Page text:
At Magazine Conference, Talk of Twitter Dominates Discussion
A report from 13th annual New York Magazine Day.
NEW YORK—At last year’s New York Magazine Day, the line between church-and-state—and how it could, and should, be blurred—dominated the discussion.
At this year’s annual conference, held at the Marriot Marquis in Times Square Tuesday, talk of Twitter, Facebook, MySpace, print—and more Twitter—ruled the day.
“There’s probably someone in this room Twittering what we’re saying right now,” said one advertising panelist during a discussion of the infinite choices media consumers have in 2009.
The appeal of social media, from an advertising perspective, is clear, said Sarah Fay, CEO of Aegis Media North America. When it comes to brands, Fay said, “the consumer has much more credibility than a marketer” does.
Wenda Harris Millard, president and co-CEO at Martha Stewart Living Omnimedia, admitted the magazine industry underestimated social media. “Fifteen years ago, we knew the consumer was in control, but we didn’t take it far enough,” she said. “We didn’t anticipate the consumer creating content to the degree they have.”
She added: “The ‘rise of the bloggers’ [would have] sounded like a horror movie.”
More than 300 attendees—mostly women, a majority from advertising agencies—were registered for the one-day event. (Last year, the conference drew more than 700 attendees.)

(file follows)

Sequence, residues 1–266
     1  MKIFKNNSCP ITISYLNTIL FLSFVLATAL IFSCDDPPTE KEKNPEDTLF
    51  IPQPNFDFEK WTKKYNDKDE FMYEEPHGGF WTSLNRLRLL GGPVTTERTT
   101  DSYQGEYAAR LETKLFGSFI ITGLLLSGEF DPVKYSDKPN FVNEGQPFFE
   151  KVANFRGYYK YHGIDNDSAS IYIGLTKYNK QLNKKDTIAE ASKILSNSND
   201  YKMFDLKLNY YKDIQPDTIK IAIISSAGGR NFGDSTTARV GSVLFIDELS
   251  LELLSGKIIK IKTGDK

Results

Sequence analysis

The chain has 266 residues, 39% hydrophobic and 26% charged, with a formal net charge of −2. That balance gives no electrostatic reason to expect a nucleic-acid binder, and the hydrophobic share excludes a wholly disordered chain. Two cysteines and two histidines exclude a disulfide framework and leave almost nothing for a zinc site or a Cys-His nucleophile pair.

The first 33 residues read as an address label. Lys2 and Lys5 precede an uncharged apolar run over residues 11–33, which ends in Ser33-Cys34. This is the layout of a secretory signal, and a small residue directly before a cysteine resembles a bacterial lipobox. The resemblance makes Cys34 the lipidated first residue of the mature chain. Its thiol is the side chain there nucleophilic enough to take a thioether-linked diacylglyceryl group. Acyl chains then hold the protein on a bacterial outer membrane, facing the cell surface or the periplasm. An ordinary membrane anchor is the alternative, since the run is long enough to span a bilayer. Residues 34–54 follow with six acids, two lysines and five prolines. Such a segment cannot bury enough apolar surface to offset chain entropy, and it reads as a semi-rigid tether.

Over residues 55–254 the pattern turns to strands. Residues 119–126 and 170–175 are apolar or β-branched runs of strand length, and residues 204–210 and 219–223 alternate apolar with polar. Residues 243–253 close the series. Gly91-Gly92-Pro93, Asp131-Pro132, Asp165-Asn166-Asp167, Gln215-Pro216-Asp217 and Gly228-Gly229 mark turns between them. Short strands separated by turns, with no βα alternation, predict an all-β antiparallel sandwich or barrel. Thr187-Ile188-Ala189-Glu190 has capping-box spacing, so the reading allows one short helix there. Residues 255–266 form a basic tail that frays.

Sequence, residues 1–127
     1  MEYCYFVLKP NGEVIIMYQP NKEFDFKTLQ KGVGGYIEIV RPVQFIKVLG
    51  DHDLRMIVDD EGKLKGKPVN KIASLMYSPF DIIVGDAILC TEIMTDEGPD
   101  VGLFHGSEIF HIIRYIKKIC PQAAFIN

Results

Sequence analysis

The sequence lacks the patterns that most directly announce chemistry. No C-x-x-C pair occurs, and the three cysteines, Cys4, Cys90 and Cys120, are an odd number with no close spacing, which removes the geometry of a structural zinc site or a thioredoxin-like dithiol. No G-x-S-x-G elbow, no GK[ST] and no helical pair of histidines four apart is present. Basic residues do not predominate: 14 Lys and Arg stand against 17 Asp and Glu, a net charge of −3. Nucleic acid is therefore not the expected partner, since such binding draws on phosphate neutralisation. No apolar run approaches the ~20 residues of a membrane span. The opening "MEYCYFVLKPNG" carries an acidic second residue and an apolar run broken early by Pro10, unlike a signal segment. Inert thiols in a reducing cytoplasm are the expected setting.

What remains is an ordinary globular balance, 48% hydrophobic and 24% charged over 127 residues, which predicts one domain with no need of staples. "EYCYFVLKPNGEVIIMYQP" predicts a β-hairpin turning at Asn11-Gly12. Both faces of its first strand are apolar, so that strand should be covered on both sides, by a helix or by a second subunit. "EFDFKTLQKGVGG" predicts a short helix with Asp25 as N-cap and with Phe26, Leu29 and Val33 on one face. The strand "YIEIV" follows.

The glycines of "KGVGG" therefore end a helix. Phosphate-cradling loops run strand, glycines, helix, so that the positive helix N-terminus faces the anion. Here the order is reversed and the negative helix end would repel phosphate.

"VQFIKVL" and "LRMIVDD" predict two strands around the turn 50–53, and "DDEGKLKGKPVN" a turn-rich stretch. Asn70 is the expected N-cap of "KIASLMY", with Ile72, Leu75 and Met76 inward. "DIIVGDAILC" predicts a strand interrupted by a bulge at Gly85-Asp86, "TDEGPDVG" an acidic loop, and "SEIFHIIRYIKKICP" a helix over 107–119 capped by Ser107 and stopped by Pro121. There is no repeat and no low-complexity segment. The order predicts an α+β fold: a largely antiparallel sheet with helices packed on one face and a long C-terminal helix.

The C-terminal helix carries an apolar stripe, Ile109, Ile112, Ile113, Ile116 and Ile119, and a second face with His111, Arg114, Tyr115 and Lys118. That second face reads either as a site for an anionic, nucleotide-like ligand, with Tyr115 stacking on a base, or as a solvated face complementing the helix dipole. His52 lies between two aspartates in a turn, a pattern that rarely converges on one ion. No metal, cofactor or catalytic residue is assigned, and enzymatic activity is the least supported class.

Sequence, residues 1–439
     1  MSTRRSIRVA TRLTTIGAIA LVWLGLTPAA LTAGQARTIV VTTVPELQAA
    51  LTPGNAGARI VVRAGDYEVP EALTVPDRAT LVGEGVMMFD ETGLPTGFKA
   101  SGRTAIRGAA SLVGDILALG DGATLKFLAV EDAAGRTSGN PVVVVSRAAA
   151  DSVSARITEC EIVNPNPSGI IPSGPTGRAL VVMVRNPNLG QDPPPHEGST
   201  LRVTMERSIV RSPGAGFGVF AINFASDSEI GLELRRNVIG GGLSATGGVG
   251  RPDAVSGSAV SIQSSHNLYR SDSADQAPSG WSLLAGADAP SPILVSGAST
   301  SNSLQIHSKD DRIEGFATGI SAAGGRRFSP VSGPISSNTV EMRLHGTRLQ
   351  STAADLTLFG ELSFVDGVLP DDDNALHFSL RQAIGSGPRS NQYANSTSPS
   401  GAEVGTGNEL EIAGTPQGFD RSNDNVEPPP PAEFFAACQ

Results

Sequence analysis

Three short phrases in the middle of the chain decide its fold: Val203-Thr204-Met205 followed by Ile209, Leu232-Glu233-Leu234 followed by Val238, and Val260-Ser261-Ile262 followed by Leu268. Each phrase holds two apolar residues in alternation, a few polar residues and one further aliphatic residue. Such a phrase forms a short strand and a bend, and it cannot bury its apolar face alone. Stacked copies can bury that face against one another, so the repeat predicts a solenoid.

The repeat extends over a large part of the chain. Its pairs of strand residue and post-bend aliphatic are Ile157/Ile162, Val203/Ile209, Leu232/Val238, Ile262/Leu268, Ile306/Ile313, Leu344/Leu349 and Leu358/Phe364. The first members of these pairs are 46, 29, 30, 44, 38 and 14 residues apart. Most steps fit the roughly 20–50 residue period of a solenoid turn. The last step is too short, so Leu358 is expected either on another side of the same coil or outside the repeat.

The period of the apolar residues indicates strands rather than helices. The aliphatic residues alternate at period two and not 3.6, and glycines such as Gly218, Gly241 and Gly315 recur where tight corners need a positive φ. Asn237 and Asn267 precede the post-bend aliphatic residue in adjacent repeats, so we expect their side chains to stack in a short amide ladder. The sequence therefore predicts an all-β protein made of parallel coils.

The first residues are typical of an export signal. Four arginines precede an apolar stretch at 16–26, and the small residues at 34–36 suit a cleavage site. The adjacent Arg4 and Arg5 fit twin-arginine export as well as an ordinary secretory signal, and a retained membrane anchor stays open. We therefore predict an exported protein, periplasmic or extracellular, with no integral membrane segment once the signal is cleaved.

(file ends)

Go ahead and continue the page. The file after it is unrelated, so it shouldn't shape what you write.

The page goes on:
Pitching Ad Execs
Millard and the rest of the magazine publishers in attendance were ostensibly there to give their sales pitch to the agencies. “Simply put,” Millard conceded, “advertising cannot support all the media that is out there.”
Jayne Jamison, vice president and publisher of Seventeen magazine, described the relationship between print and Seventeen’s Web site like having a “friend with benefits.” Jamison also differentiated the community of readers using its Web site from MySpace in terms of engagement. “Girls aren’t going on MySpace to talk about their weight, their acne, their period,” she said. “They come to us for that.”
When talk did turn to print, it was more about how the medium has been devalued in the eyes advertisers.
“I’m deeply concerned (ad buyers) are devaluing media at a time when innovation is actually increasing,” said Jeff Hamill, senior vice president of ad sales at Hearst Magazines.
Robin Domeniconi, a vice president at Microsoft Advertising and a former longtime Time Inc. executive, lamented the negative connotation associated with shifting print strategy. “Going ‘online only’ has become a euphemism for ‘folding.’”